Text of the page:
Current studies are underway to examine the effects of pomegranate juice on inflammatory markers of patients hospitalised with covid-19. Although all these studies are promising, more research is required before pomegranate can be claimed to have specific anti-inflammatory effects.

5. May improve memory

Research into how pomegranates and their juice may affect cognitive function is still in the early stages. One small trial asked participants with mild age-associated memory complaints to drink 225ml of pomegranate juice daily, and found an improvement in verbal and visual tasks after four weeks. Other research has suggested that pomegranate juice may have cognitive benefits in mice. Again, more robust research is needed before a health claim can be made for pomegranates and memory.

Are pomegranates safe for everyone?

Some people may have an allergy to pomegranate fruit, this may be due to a cross reactivity, for example, if you are allergic to birch tree pollen you may experience an allergy to certain fruit, including pomegranate.

There are some reports of pomegranate and pomegranate juice interacting with prescription medication, including medication prescribed for high blood pressure and cholesterol management.

If you are taking prescribed medication, always check with your GP before making any dietary changes.

Overall, are pomegranates good for you?

Pomegranates and their juice bring some great benefits to your health. The high level of antioxidants they provide is thought to reduce your risk of heart disease and promote a healthy, happy gut. There may also be a link to improved bone health as a result of eating them. Initial studies have shown that pomegranates appear to improve sports performance, boost memory and help women during menopause, however more research is needed in these specific areas.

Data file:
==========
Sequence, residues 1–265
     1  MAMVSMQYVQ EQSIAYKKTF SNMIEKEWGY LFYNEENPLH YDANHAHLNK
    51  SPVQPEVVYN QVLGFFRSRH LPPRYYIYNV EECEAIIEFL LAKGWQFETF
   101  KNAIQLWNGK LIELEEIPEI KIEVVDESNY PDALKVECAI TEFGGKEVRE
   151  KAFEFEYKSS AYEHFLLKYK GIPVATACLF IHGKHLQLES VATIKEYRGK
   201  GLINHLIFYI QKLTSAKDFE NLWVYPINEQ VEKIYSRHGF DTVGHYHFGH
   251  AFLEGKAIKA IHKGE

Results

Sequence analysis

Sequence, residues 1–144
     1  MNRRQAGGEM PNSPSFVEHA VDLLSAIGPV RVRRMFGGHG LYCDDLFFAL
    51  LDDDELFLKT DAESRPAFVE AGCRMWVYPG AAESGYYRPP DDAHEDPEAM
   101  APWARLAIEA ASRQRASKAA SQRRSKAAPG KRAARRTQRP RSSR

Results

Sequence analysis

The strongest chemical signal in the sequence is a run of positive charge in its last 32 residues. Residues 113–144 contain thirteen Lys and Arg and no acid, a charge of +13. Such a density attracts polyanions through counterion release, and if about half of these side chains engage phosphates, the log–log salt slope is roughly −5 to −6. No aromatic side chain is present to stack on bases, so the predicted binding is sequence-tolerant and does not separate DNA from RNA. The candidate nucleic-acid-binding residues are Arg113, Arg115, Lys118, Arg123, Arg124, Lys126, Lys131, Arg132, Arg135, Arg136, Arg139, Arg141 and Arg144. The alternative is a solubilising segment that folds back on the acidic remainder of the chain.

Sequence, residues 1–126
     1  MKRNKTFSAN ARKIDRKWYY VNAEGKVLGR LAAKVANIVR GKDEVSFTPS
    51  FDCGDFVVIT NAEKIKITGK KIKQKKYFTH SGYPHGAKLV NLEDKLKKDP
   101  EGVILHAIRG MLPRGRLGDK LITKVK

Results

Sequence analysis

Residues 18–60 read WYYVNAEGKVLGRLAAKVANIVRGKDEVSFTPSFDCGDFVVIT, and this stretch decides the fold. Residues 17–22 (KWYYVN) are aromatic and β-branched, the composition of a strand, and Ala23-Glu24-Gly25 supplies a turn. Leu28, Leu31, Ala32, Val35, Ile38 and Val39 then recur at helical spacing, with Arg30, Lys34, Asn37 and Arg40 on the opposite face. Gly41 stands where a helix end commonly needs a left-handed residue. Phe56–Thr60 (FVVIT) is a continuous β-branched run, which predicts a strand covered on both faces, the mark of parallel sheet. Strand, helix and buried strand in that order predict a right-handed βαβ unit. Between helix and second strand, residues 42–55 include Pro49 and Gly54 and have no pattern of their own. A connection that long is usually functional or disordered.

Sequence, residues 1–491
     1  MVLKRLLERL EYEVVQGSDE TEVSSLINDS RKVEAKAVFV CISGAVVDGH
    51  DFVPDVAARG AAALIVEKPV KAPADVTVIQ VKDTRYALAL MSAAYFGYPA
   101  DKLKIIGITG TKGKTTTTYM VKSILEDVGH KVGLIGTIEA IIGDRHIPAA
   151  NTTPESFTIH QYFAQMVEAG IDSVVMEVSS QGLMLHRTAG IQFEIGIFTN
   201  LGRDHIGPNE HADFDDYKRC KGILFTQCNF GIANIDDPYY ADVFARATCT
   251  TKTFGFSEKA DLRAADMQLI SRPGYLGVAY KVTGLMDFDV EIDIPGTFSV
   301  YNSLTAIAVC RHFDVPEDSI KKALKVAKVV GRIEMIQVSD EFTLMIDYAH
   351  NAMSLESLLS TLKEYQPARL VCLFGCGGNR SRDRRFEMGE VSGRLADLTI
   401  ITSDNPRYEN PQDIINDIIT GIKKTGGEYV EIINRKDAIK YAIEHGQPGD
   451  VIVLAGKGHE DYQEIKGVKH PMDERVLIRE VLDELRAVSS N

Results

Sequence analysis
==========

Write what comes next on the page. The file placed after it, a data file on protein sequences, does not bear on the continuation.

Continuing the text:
Healthy pomegranate recipes

Pomegranate chicken with almond couscous
Chopped herb & pomegranate salad
Aubergine & pomegranate flatbreads
Herby quinoa, feta & pomegranate salad
Fruity lamb tagine
Roasted spiced cauliflower

Kerry Torrens BSc. (Hons) PgCert MBANT is a registered nutritionist with a post graduate diploma in personalised nutrition & nutritional therapy. She is a member of the British Association for Nutrition and Lifestyle Medicine (BANT) and a member of the Guild of Food Writers. Over the last 15 years she has been a contributing author to a number of nutritional and cookery publications including Good Food

Nicola Shubrook is a nutritional therapist and works with both private clients and the corporate sector. She is an accredited member of the British Association for Applied Nutrition and Nutritional Therapy (BANT) and the Complementary & Natural Healthcare Council (CNHC). Find out more at urbanwellness.co.uk.


All health content on goodfood.com is provided for general information only, and should not be treated as a substitute for the medical advice of your own doctor or any other healthcare professional. If you have any concerns about your general health, you should contact your local healthcare provider. See our website terms and conditions for more information.